Tuesday, 14 January 2014

Can't Stop

Only for the most die hard dice-rolling fans who love to push their luck.


Name: Can't Stop (1980)

Version: Gryphon English Edition. Since this is an old game it has been republished numerous times. The supposed story goes that the game was so unpopular commercially (perhaps I know why - see below) that it became out of print, but a later revival brought it back to life.

Publisher: Gryphon Games

Designer: Sid Sackson

Players: 2 to 4.

Age: 9+

Time to play: The box says 30 to 40 minutes but from my experience it can take A LOT LONGER than that!

Price Range (AUD): $39.95 to $159. Average price about $45 to $50.

I think the price isn't worth it to be frank, given that you could buy some other great games (unless you really really enjoy risk-taking or dice-rolling games). I saw that an older version can be shipped for $159 but that truly is a ridiculous price.

Availability: Quite widely available online; I'm unsure if you can it find in local shops.

Genres
  • Dice-Rolling
  • Push Your Luck (Heavy risk-taking)
  • Family

Andre Lim's Rating and Brief Summary:

6.25+* out of 10. (Alright - See my Rating Scale)

In theory, this is supposed to be a good dice game that works on a great risk-taking mechanic.

However it is heavily spoilt by the factor of playing time [and I accept that I may be giving too much weight to this criticism but, honestly, it really does bring this game to its knees]; from my experience, the game can simply take far too long to finish especially if everyone chooses to be heavy risk takers. Perhaps it's just the people I play with!

However, you can increase the speed of gameplay by using Sid Sackson's "Variant 4" in his rules - which allows players to jump over other player's traffic cones. This should, theoretically, reduce the length of time taken up to play the game and probably makes for a better experience!! 

*If you play with this rule, I would give the game something closer to a 6.4, and perhaps, but maybe not quite, a 6.5

Unless you are a dice enthusiast, I wouldn't recommend trying this game if you are looking for something relatively short (especially if you hate repetitive gameplay and aren't the patient type). However, if you are adventurous and would like to see an interesting game mechanic, I would recommend that you give this game a go at least once. Especially if you like a mildly tense game.

That being said, at a conceptual level the game is highly interesting.

In short, the game provides a dilemma, and either choice you make has both benefits and disadvantages. After rolling dice for one or two rolls, you have one of two options:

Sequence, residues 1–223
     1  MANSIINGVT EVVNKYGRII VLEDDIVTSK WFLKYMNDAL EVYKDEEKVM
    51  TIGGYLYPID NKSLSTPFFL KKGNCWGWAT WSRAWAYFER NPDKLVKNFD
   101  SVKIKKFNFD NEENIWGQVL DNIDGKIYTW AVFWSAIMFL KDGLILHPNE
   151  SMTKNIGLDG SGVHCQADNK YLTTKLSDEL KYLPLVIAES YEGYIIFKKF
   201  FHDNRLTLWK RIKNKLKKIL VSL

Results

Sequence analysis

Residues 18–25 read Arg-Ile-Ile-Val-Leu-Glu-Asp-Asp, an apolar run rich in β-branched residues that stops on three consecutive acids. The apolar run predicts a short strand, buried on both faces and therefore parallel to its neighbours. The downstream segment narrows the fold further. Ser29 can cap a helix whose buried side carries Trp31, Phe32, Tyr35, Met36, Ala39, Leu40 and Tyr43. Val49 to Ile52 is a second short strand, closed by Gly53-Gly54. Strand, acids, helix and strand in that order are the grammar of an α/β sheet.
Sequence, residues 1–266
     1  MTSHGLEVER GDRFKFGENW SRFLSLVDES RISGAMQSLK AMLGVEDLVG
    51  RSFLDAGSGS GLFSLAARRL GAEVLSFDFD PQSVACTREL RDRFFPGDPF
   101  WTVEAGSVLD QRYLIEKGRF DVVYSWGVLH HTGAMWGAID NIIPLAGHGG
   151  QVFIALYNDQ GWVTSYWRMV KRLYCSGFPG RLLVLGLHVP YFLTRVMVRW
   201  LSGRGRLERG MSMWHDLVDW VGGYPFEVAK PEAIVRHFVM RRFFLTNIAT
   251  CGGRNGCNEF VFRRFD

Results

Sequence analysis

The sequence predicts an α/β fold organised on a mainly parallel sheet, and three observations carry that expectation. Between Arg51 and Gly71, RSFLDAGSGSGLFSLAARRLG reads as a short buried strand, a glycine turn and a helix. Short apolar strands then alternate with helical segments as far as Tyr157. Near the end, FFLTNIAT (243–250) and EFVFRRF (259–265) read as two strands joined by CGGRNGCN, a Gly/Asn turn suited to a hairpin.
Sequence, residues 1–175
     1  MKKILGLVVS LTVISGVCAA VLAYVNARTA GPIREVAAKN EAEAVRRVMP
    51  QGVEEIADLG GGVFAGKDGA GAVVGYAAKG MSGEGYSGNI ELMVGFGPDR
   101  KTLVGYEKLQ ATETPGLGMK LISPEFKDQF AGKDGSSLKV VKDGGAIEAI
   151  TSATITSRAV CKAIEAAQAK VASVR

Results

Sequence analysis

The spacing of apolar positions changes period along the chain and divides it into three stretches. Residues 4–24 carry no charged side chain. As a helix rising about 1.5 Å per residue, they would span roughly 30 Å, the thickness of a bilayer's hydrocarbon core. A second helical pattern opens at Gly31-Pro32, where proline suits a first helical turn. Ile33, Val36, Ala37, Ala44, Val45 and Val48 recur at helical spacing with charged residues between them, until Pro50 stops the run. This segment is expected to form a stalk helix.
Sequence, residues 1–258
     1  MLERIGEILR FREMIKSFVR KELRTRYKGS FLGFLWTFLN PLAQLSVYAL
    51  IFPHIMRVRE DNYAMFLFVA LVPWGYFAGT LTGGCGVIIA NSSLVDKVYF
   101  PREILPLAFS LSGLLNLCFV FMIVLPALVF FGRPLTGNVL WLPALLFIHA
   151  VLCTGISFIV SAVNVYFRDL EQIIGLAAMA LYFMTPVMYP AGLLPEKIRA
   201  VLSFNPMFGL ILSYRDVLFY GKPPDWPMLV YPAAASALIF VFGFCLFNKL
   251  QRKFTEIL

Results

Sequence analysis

1) Continue to roll dice. The game (and your opponents) will 'force' (still your choice of course) or peer-pressure you into CONTINUING to roll dice. This option helps you to advance further in the game, possibly achieving victory quicker OR

2) You can choose to SAVE your progress after making some grounds. This option is the conservative approach and helps you "steadily" get to victory, but will be a lot slower.

The tension of the game is that if you choose Option 1 (ie. continue rolling) you may lose ALL your progress if the dice you roll isn't what you need it to be (see rules below for a better idea). That's right, so whilst you could win the game quicker via option 1 you could lose EVERYTHING you rolled on that turn!

To say this another way, if you keep doing Option 1 too many times and fail repeatedly (thus no or little ground is made), there is the possibility that those who have chosen Option 2 will gradually and slowly make their way to victory before you. But, again, those who choose Option 2 too much may lose out to someone who is willing to take more risks, as those taking Option 2 proceed at a much slower (but safer) pace.


The Good:
  • Plenty of thrill and risk-taking, with potentially large payoffs
  • Good tension between being conservative and going "all-out"
  • Minor degree of strategic decision making

The Bad:
  • Can take a very very long time to finish (unless you use Sackson's Variant 4 in the rules - where players must jump over other players' markers - highly recommended unless you don't mind playing a long game)
  • Repetitive gameplay and little variety to turn order
  • Little to no skill involved. 
  • Not a game to play if you want to be making highly strategic decisions

What makes this game fun? 

If you like the thrill of taking chances, and don't mind repeatedly doing what is essentially the same thing over and over again (which isn't everyone's liking), you should give this game a go.









- This concludes the basic overview of the game.
If you are interested in reading about the components & rules to the game, please read on -









Rules & Components

Everyone gets 11 traffic cones of their colour.

The overall aim of the game is to reach the end of 3 columns on the below game board before anyone else does.




On your turn you will firstly have to decide which 3 numbers on the game board you want to progress in, which is in turn based on what you roll.


To do this, you are given 4 dice to roll and 3 "temporary" white traffic cones as below. You must always pair the dice together so that they add up to two numbers.

White temporary traffic cones and 4 dice


Suppose that this was Green's first roll. Green can choose to pair two dice together to make different numbers.

For example, Combining 5 and 2 gives Green 7. This automatically means that the other pair of dice (1 and 4) adds up to 5.

However, Green could choose instead to combine 5 and 1 to give 6, leaving the other pair to be 6 (4 + 2) as well.